Labor Law Articles

Labor Contract Can Require Arbitration of Discrimination Claims

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            In a 5-4 opinion, the U.S. Supreme Court ruled that union members covered by labor agreements containing clear and unmistakable language requiring them to arbitrate statutory claims are bound by the terms of the collective bargaining agreement, and forfeit their right to file private lawsuits. 14 Penn Plaza LLC v. Pyett, No. 07-581 (April 1, 2009). The Court’s holding effectively overturns the widely held view that a union contract’s arbitration procedure was limited to resolving contractual violations and could not prevent an employee from going to court to resolve statutory violations. This belief was based on the Court’s 1974 decision in Alexander v. Gardner-Denver, which seemed to suggest that an arbitration clause in a labor agreement could not bar union members from pursuing their statutory claims in a court of law.

NLRA Protection Limited to Applicants with a Genuine Interest in Employment

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            The National Labor Relations Board recently changed the standard it applies when determining if job applicants are entitled to the protections of the National Labor Relations Act. Toering Electric, 351 NLRB No. 18 (Sept. 29 2007). Previously, all applicants were considered covered by the Act, provided the employer had concrete hiring plans, the applicant had relevant experience, and anti-union animus contributed to the employer’s decision not to hire the applicant.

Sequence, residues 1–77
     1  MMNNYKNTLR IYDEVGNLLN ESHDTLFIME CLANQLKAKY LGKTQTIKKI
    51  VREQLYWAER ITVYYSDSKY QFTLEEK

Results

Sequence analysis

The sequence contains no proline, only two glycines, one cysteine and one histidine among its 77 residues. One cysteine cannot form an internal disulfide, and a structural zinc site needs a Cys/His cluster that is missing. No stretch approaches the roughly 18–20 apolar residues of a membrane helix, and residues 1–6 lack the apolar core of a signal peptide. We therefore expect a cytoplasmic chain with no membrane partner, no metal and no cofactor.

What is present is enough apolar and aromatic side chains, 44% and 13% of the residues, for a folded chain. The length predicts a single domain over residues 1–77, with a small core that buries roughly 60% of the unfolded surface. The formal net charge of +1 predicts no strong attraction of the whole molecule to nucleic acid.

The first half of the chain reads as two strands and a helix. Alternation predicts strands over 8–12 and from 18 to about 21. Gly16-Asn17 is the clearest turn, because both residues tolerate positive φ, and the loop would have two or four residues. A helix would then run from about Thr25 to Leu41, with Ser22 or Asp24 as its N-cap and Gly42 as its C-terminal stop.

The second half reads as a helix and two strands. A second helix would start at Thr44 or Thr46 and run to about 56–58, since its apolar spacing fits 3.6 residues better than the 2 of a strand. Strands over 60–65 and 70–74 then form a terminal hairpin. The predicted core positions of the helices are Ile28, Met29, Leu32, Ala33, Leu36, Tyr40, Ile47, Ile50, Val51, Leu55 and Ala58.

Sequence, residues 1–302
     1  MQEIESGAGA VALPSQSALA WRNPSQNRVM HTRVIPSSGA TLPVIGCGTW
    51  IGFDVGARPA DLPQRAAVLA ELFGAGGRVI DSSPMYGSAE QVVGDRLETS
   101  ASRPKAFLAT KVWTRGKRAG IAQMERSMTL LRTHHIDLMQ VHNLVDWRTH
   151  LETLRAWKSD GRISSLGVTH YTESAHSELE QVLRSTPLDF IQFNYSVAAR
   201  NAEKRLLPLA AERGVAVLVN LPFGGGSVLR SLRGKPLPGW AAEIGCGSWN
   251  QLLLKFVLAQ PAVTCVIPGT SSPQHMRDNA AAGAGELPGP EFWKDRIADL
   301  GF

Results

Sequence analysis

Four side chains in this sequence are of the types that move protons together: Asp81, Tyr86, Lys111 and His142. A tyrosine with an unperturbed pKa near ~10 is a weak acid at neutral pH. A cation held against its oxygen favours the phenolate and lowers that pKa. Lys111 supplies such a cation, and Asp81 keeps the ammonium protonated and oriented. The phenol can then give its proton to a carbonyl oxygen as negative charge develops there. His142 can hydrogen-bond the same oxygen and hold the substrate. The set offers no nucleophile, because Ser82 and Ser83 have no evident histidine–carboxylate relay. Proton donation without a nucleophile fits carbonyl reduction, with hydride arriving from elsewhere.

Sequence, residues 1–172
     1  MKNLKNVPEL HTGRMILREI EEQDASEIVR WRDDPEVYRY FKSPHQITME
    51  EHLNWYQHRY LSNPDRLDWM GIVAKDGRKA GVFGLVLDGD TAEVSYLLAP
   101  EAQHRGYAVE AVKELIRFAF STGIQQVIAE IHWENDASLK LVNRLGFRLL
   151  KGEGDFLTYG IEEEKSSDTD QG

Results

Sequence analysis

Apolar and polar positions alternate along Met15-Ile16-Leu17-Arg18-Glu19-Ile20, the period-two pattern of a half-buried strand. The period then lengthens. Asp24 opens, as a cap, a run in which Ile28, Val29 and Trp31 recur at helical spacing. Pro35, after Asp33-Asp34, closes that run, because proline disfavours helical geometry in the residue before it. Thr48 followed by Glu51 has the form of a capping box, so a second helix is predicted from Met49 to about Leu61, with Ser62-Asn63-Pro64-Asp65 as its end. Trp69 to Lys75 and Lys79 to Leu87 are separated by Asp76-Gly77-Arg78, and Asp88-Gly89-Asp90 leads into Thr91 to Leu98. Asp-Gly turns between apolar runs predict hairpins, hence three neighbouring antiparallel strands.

Non-Union Employee Complaints Can Trigger NLRA Liability

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            Non-union employers often fail to consider the implications of federal labor law when taking action against employees claiming to speak for co-workers. In a recent case decided by the Connecticut Superior Court, an employee who was terminated after raising complaints about employee morale was prevented from bringing a state law claim; however, her claim was found to be governed by the National Labor Relations Act (“NLRA”). Hobson v. Mark Facey & Co., 2006 Conn. Super. LEXIS 3303 (Nov. 3, 2006).

Non-Union Employer Policies Must Comply with National Labor Relations Act

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Non union employers often believe they are not covered by the National Labor Relations Act (“NLRA”), which generally governs union-management relations. As two recent cases handed down by the D.C. Circuit make clear, the NLRA’s provisions must be considered when any employer drafts employment policies.

Employer’s Duty to Report Union Payments Under LMRDA

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            For many years employers have been required to annually file reports with the U.S. Department of Labor outlining any payments made to unions, union officials, or labor relations consultants. Labor-Management Reporting and Disclosure Act, 29 U.S.C. §§ 401, et seq. The Department historically has been lax in enforcing the requirement, but recently issued new enforcement guidance clarifying disclosure obligations.


 

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